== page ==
This article is part of the
History of Russia series.
 Early Russian East Slavs
 Kievan Rus'
 Mongol invasion of Russia
 Imperial Russia
 Russian Revolution
 Russian Civil War
 History of the Soviet Union: Part I
 History of the Soviet Union: Part II
 Collapse of the Soviet Union
 Commonwealth of Independent States
 History of post-communist Russia
 List of famous Russians

This article covers the history of the Soviet Union (USSR) from its victory in The Great Patriotic War in 1945 until it was dissolved on December 26, 1991 by the Supreme Soviet. See History of the Soviet Union: Part I for its history from October Revolution of 1917 to 1945.

Table of contents
1 The breakdown of postwar peace
2 De-Stalinization and Nikita Khrushchev
3 The Brezhnev years
4 Perestroika, Glasnost, and the dissolution of the Soviet Union
5 Conclusions: the post-Communist transition
6 Related articles
7 External links

The breakdown of postwar peace

Background: Soviet-US relations:

The wartime alliance between the United States and the Soviet Union was an aberration from the normal tenor of Russian-US relations. Strategic rivalry between the huge, sprawling nations goes back to the 1890s when, after a century of friendship, Americans and Russians became rivals over the development of Manchuria. Czarist Russia, unable to compete industrially, sought to close off and colonize parts of East Asia, while Americans demanded open competition for markets. In 1917 the rivalry turned intensely ideological. Americans never forgot that the Soviet government negotiated a separate peace with Germany in the First World War in 1917, leaving the Western Allies to fight the Central Powers alone. Lasting Russian mistrust stemmed from the landing of US troops in Soviet Russia in 1918, which became becoming involved, directly and indirectly, in assisting the anti-Bolshevik Whites in the civil war. In addition, the Soviets never forgot the repeated assurances from Roosevelt that the United States and Britain would open a second front on the European continent; but the Allied invasion did not occur until June 1944, more than two years after the Soviets had demanded it. In the meantime, the Russians suffered horrendous casualties, as high as twenty million dead. The West had delayed the invasion, forcing the Soviets to absorb the brunt of German strength.

World War II resulted in enormous destruction of infrastructure and populations throughout Eurasia, from the Atlantic to the Pacific oceans, with almost no country left unscathed. The Soviet Union was especially scathed due to the mass destruction of the industrial base that it had built up in the 1930s. The only major industrial power in the world to emerge intact, and even greatly strengthened from an economic perspective, was the United States, which moved swiftly to consolidate its position.

The Big Three: The Allied Leaders at Yalta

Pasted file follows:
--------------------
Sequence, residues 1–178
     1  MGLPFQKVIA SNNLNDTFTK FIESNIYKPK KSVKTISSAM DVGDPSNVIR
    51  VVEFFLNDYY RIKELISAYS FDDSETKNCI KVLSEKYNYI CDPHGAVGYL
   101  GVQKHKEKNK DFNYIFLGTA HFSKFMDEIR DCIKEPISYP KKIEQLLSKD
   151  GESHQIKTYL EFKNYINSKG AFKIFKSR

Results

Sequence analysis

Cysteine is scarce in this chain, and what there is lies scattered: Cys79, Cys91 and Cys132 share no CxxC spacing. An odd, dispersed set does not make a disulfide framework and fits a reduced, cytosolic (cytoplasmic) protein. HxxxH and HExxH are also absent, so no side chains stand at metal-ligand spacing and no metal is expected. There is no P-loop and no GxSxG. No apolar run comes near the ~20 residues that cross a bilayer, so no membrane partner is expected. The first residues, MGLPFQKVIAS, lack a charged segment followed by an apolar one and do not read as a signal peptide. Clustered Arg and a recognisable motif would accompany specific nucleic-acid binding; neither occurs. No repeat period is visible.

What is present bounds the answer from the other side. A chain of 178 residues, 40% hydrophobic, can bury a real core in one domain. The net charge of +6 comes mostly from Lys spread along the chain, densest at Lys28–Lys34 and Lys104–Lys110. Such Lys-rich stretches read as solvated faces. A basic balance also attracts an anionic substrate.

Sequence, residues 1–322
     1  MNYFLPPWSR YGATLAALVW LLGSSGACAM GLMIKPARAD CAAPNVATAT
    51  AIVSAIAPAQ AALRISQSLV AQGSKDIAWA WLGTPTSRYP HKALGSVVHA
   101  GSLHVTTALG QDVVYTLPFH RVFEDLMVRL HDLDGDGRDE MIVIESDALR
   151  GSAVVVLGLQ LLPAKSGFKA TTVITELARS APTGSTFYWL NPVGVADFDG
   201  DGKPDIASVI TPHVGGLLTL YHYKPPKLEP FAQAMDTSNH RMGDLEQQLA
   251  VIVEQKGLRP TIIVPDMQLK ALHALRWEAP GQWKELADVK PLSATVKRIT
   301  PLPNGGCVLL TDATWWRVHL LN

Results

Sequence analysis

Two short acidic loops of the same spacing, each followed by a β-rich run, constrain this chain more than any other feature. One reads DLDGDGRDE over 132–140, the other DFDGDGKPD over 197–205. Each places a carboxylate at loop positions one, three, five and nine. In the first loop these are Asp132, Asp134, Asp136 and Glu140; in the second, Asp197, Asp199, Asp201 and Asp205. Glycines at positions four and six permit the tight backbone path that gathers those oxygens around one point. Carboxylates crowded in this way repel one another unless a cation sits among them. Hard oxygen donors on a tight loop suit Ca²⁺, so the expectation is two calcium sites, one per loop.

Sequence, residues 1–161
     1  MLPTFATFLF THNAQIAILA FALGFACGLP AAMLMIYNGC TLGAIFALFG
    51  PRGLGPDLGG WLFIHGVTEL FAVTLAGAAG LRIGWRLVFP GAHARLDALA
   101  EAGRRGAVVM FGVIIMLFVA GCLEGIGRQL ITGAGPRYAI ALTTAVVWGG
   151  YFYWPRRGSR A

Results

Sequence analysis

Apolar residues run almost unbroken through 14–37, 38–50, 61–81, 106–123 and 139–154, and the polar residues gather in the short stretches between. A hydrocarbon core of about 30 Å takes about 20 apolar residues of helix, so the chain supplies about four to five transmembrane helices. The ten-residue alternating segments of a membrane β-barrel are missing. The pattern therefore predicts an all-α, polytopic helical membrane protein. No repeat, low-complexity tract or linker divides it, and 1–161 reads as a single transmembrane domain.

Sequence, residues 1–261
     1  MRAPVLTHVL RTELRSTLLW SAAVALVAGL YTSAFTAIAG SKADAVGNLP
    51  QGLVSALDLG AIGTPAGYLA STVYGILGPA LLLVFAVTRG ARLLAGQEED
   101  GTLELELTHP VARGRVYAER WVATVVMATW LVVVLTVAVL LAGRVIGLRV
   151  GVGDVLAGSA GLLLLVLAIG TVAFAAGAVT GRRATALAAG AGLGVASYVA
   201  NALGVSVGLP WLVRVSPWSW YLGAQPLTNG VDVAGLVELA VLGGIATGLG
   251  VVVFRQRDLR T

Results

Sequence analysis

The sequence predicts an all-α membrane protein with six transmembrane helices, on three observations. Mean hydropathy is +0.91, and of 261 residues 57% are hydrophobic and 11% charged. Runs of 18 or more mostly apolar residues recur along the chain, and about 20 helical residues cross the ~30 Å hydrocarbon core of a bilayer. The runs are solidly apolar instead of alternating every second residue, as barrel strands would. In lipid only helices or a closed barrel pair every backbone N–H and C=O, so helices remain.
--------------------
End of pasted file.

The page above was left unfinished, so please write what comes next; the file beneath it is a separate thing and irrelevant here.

Prime Minister Winston Churchill (UK),
President Franklin Delano Roosevelt (US),
and First Secretary Joseph Stalin (USSR)

When the war ended in Europe on May 8, 1945, Soviet and Western (US, British, and French) troops were located in particular places, essentially, along a line in the center of Europe that came to be called the Oder-Neisse Line. Aside from a few minor adjustments, this would be the "iron curtain" of the Cold War. In hindsight, Yalta signified the agreement of both sides that they could stay there and that neither side would use force to push the other out. This tacit accord applied to Asia as well, as evinced by US occupation of Japan and the division of Korea. Politically, therefore, Yalta was an agreement on the postwar status quo in which Soviet Union hegemony reigned over about one third and the United States over two thirds.

And there were fundamental contrasts between the visions of the United States and the Soviet Union, between capitalism and communism. And those contrasts had been simplified and refined in national ideologies to represent two ways of life, each vindicated in 1945 by previous disasters. Conflicting models of autarky versus exports, of state planning against free enterprise, were to vie for the allegiance of the developing and developed world in the postwar years. Even so, however, the Cold War was not obviously inevitable in 1945.

Despite the wherewithal of the United States to advance a different vision of postwar Europe, Stalin viewed the reemergence of Germany and Japan as Russia's chief threats, not the United States. Stalin assumed that the capitalist camp would soon resume its internal rivalry over colonies and trade and not pose a threat to Russia. Economic advisers such as Eugen Varga reinforced this view, predicting a postwar crisis of overproduction in capitalist countries which would culminate by 1947-1948 in another great depression.